Mr. Osborn provides counseling guidance in addition to supporting Goodwin’s M&A practice group during IPOs, acquisitions, investments, joint ventures, and other complex transactions, both on the company and the investor side. And Mr. Osborn routinely guides clients through internal investigations and the voluntary self-disclosure process when facing regulatory violations.
Mr. Osborn also works with Goodwin’s Privacy & Cybersecurity team to provide technical expertise to help Goodwin clients understand data privacy regulatory obligations, such as those under GDPR.
Prior to carving his niche within the regulatory space, Mr. Osborn represented clients in a wide range of litigation disputes in jurisdictions throughout the country involving many different technologies. His prior litigation experience includes patent, copyright, trademark and trade secret disputes. Mr. Osborn has also represented clients with respect to other software-related claims involving the Computer Fraud and Abuse Act and the Electronic Communications Privacy Act. In 2015, Mr. Osborn successfully second chaired a trademark case before the Supreme Court of the United States, B&B Hardware, Inc. v. Hargis Industries, Inc., an important decision at the intersection between agency decisions and IP litigation.
Areas of Practice
Mr. Osborn is a member of the American Intellectual Property Law Association.
Prior to joining Goodwin, Mr. Osborn was a technical specialist at Oblon, Spivak, McClelland, Maier & Neustadt, PC, where he focused on electrical technologies and prosecuted patents at all stages of prosecution. His areas of specialty included hashing techniques, block ciphers, stream ciphers, public key encryption, and database designs.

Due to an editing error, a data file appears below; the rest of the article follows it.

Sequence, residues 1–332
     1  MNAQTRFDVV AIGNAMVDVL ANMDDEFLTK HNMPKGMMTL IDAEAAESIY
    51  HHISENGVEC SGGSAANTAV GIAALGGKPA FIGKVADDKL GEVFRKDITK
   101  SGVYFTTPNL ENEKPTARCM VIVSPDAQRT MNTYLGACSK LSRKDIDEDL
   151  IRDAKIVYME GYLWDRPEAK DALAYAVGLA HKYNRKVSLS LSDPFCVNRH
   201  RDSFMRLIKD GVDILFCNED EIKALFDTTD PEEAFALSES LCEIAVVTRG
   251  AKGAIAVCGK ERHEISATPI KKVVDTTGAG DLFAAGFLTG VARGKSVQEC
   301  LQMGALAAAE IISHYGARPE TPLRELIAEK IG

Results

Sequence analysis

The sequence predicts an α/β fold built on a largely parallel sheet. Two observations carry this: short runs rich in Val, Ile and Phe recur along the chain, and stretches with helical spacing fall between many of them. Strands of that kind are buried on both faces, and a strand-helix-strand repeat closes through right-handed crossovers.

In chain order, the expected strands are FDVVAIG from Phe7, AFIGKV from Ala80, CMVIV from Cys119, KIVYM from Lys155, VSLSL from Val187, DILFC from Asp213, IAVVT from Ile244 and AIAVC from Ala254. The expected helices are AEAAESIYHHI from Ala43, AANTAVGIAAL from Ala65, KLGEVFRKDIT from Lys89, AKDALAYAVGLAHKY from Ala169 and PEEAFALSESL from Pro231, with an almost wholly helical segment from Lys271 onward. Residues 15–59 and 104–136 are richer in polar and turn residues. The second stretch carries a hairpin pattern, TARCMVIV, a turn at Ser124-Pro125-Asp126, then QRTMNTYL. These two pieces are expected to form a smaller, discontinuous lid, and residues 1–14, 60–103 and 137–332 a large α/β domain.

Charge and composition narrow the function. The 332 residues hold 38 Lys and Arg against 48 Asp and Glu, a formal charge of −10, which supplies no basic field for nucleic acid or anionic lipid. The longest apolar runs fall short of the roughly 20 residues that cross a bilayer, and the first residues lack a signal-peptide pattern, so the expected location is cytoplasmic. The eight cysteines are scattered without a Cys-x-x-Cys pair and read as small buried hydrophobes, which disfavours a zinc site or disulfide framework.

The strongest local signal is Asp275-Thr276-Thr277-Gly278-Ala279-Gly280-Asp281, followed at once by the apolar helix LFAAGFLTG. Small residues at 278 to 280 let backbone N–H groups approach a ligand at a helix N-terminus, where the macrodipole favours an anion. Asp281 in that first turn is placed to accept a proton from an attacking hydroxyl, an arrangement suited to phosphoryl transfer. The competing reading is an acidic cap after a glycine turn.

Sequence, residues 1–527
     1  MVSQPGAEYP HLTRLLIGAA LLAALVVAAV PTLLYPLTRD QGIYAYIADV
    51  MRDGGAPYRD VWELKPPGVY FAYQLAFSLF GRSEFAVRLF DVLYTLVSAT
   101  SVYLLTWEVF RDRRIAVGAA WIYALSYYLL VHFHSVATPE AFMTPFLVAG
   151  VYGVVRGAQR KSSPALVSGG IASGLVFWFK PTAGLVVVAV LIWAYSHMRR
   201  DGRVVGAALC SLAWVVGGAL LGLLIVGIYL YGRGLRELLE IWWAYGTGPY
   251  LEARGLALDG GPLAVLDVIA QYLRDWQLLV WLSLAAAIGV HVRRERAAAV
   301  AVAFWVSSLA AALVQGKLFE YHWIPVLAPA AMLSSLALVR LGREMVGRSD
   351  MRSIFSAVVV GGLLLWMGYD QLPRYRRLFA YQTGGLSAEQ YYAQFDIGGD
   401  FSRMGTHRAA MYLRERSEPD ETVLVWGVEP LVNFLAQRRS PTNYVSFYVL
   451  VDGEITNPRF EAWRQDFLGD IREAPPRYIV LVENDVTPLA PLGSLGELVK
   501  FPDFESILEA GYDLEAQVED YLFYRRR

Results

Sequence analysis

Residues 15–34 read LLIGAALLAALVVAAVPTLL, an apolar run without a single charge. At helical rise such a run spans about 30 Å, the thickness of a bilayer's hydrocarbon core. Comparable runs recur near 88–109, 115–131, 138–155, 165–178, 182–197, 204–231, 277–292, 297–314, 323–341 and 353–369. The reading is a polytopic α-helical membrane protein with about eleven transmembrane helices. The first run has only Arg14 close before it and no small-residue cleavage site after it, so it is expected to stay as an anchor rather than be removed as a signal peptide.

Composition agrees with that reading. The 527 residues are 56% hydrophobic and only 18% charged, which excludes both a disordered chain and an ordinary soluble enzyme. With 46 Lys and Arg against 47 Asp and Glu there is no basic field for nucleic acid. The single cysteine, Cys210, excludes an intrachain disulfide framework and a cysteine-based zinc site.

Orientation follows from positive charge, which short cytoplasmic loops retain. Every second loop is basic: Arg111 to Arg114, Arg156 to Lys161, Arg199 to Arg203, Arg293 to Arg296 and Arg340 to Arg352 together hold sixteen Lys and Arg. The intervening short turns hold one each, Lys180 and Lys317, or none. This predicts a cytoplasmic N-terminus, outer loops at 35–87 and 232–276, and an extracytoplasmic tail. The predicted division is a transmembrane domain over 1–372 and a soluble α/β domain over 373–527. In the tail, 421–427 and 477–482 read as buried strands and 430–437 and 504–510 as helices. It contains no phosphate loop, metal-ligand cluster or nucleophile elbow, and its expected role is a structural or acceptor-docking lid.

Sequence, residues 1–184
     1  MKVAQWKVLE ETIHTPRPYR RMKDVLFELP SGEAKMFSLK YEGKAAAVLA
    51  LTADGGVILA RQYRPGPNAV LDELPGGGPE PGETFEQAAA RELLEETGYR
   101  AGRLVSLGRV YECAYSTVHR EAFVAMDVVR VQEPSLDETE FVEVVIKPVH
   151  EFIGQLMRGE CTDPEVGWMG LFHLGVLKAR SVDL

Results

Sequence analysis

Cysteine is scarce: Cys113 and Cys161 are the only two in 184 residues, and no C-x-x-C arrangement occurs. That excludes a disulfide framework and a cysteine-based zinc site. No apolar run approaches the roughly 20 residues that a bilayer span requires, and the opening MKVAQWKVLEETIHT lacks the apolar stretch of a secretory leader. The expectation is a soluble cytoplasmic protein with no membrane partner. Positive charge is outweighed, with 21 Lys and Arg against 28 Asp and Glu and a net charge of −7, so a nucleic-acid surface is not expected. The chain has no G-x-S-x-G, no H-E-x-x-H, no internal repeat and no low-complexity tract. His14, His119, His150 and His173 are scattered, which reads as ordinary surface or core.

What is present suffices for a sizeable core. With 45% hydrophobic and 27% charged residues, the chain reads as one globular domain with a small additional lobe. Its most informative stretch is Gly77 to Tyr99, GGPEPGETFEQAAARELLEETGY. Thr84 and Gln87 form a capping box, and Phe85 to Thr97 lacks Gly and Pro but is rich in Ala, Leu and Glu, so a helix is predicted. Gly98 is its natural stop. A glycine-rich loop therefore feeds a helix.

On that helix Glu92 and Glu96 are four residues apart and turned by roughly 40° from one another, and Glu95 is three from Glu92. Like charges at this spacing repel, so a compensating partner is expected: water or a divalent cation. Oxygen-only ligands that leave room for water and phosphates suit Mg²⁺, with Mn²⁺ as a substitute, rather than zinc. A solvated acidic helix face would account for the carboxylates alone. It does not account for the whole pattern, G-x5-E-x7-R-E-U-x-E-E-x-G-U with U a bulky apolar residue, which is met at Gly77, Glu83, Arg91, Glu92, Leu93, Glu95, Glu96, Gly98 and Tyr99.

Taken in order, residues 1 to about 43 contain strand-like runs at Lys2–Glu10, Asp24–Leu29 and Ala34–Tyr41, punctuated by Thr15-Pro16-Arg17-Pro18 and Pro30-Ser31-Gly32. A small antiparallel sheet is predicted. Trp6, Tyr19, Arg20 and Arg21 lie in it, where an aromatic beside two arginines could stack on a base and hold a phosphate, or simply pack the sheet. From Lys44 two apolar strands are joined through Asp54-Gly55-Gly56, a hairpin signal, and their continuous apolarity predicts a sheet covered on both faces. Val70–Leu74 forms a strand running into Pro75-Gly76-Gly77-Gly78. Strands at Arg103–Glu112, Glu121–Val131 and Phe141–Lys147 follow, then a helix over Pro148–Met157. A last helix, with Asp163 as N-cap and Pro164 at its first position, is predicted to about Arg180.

American University Washington College of Law
Master of ScienceElectrical and Computer Engineering2009
The Johns Hopkins University
- District of Columbia
- U.S. Patent and Trademark Office (USPTO)
- U.S. Supreme Court
- U.S. Court of Appeals for the Federal Circuit
- U.S. District Court for the Eastern District of Virginia
- U.S. District Court for the District of Columbia
Recognition & Awards
Mr. Osborn has been selected for inclusion in The Legal 500 U.S. 2022.
Mr. Osborn was named as an “Associate to Watch” by Chambers USA in the category of International Trade: Export Controls & Economic Sanctions, one of only two associates in the United States to receive this honor.
Mr. Osborn was selected as a Washington DC Super Lawyers “Rising Star” from 2013 – 2016, an award given to fewer than 2.5% of eligible attorneys.
- Routinely authors the firm’s Global Trade client alerts, including those addressing CFIUS changes, trade restrictions (e.g., against ZTE and Huawei), and OFAC sanctions issues affecting digital currency.
- Presented on the CFIUS Pilot Program at “Law School for the CFO” hosted by the CFO Leadership Council (April 2019).
- Was a speaker at BlackHat 2017 and presented on “White Hat Privilege: The Legal Landscape for a Cybersecurity Professional Seeking to Safeguard Sensitive Client Data.”
- Co-authored “Smartphone and Foreign Policy: ZTE Sanctions Explained,” Law360 (March 2016).
- Co-authored “The Seven Deadly Sins of U.S. and Non-U.S. Software Companies Under U.S. Export Controls and Sanctions Laws,” WorldECR (January 2015).
- Is the author of various publications regarding intellectual property, such as "A View of the Hierarchy of Patent Rights, TRIPS, and the Canadian Patent Act," Akron Intellectual Property Journal, Volume 4, Number 2, 20100, 261, and "What is the Bilski invention?" Managing Intellectual Property Newsletter (June 11, 2010; coauthor).
- Appeared on an expert panel entitled “Encryption Controls and Ensuring Compliance” in conjunction with the Massachusetts Export Center in June 2014.